Many ask me how and when to raise prices. In this episode, you'll learn how NOT to. The story I am going to tell in this episode is real and happened recently. I am protecting the identity of the solo cleaner by calling them "Jen". Thankfully, this story ends well. Take heart and do NOT copy Jen's mistake
What did Jen do and why? I teach a proven strategy for how to raise prices in my ISO Model. I've been using this strategy since 2006. It's smart. It's battle-tested. It's strategic. And it's for optimizers ONLY! Jen is not an optimizer yet. Jen has a solid stabilizer business with around 20 clients. She loves her business and has amazing, loyal clients that will stay with her long-term. All she has to do is continue to serve them. These clients will absolutely pay more per visit over time as every business raises prices as the cost of doing business increases year-to-year. Jen got a call from a commercial property manager. She heard about Jen and wanted her do electrostatic disinfecting in multiple buildings. It was a huge opportunity for Jen and the promises sounded like a pot of gold at the end of the rainbow. At the same time, Jen was in an emotional state as a close family member was in an accident and required a lot of Jen's TLC. Jen really needed to make more money and have more time. In Jen's excitement at the prospect of the commercial disinfecting, she hastily sent price increase letters by email to half of her reliable, recurring house cleaning clients. Jen thought that some would not say yes and others would not. It would earn her more money per house that stayed and clear up enough time to do the disinfecting work. It was a perfect plan in Jen's mind. But was it?
Here's what happened next. One client fired her. One grilled her for 3 hours during the next cleaning and found out that increases were only sent to half of her clients. One prepared to fire her. She had not heard back from the others yet and decided it was a good idea to reach out to me. As she explained her actions, I panicked with her as I heard so many missteps. Jen could literally lose half of her business in 1 week!
Let's analyze. There are two pieces to analyze. First, let's look at the huge pot of gold in the commercial opportunity. I talk about this in detail in Why Do Good Cleaners Go Out of Business? Jen fell for the trick. She is a good cleaner with a solid business and the appearance of an easy way out or a shortcut deceived her. I asked Jen these questions. "Jen, are you insured to operate this janitorial code? It will cost more. Jen, are you properly trained on using the equipment to ensure your safety and avoiding lawsuits? Jen, do you have the capital to invest in the equipment for this amazing work? Jen, do you have an employee handbook, hiring and firing systems, and worker's compensation to bring on a team to help you do this work as it grows? Jen, how confident this work will be there if your contact leaves her job, you get underbid, or this level of disinfecting isn't needed as COVID-19 goes away in the future?" Jen had nothing to say except, "Um, that was dumb of me." There's a second piece too. As I mentioned, I teach how to properly use the Optimizer's Tool called Price Increases. My system requires that 7 sub-parts be fulfilled entirely before using this tool. I'll list the 7 so you hear them: Timing of the Increase, Trust of the Client, Recurring Client Profitability, Options for Not Accepting the Increase, Time to Budget, Fully Stocked Waiting List, and Total Client Inclusion (not Exclusion). The point of this podcast is not to teach you how to raise prices. I have a system for that. If you'd like that training, join the Solo Cleaning School Elite Membership. I will hit on a few of the 7 briefly. Timing of the Increase: Jen raised prices during a pandemic and prior to a major presidential election for all the wrong reasons. Some of the clients she raised prices on were dealing with some hefty personal stuff as well. The timing was awful! Time to Budget: Jen gave her clients 14-21 days to make a decision. Ouch. I suggest 45-60 days. Jen had 2 of 7 and pulled the trigger. I would have told her this if she asked me first.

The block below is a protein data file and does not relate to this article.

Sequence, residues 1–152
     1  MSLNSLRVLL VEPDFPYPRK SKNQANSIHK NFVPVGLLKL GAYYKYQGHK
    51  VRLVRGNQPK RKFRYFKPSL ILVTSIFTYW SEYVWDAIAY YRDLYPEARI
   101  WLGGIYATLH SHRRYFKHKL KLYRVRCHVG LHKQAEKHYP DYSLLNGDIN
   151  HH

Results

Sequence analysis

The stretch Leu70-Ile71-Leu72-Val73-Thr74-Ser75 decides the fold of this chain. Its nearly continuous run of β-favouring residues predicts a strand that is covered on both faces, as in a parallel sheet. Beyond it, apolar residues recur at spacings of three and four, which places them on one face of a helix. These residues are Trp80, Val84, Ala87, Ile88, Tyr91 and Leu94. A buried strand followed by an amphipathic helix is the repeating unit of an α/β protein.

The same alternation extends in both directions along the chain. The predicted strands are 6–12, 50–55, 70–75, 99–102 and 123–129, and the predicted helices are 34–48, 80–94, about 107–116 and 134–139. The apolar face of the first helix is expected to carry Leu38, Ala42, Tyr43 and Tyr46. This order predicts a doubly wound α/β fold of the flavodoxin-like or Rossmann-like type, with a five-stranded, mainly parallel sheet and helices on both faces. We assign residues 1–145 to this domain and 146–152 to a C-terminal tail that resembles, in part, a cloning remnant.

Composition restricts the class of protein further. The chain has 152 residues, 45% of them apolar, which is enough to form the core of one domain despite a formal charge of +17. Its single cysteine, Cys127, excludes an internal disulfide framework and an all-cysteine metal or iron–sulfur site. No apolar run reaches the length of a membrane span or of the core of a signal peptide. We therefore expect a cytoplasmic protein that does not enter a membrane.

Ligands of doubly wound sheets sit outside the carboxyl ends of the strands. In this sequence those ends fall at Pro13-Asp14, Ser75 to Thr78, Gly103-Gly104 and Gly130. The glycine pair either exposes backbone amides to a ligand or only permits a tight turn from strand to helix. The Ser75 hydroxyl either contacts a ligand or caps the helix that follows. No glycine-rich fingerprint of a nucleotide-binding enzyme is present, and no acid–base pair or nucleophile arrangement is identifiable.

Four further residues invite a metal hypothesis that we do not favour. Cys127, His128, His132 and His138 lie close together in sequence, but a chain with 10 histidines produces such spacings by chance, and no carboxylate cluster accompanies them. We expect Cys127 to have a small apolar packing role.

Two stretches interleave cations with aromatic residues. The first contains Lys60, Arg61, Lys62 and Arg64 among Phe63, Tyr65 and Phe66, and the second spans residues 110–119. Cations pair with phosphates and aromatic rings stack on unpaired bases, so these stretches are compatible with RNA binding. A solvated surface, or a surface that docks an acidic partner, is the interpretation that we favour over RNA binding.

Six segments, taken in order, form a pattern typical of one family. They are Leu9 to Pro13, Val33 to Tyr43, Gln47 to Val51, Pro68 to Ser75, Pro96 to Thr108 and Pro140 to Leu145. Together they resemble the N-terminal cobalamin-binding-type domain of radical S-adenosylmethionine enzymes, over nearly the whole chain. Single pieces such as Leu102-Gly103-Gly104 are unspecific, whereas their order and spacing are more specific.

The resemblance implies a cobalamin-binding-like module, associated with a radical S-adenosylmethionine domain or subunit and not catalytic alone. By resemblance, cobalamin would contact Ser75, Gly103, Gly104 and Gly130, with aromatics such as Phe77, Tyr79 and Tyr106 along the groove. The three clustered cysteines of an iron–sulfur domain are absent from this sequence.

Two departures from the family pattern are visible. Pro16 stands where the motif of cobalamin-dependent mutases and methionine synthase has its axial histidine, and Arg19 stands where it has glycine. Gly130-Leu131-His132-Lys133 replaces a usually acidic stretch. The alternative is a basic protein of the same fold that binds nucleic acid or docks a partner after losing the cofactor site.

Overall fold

Here's what I encouraged Jen to do. "Jen, do you understand what you did wrong?" She did and asked for help. "Do not waste any time! Go to every one of your clients that you sent increase to in person if possible. If you cannot meet in person, call them! Tell them that you made a big mistake sending our price increases during this time. It was extremely insensitive with everything going on. I've been going through a lot emotionally and I made a mistake. I'd like to forget about the increases and continue as we were. Again, I'm really sorry!" Jen took this advice to heart and agreed with me.
Here's the result. Jen personally called or met in person with every client she sent a price increase. Every one of them took her back. In fact, one of her clients accepted the price increase. Jen learned a tremendous lesson and fortunately for her solo cleaning business disaster was averted, but it could have been prevented with sound decision-making based on what we know to work. Again, if you'd like to access the training that teaches the right way to raise prices as well as my entire ISO Model to building an optimized solo cleaning business, visit my Elite Membership Webpage.
Ken Carfagno optimized his first solo cleaning business to $60,000 annual profit working 2 days per week without employees, sold it for close to 6-figures, and is currently following his ISO Model to do it again in a different state! This podcast will equip you to do the same!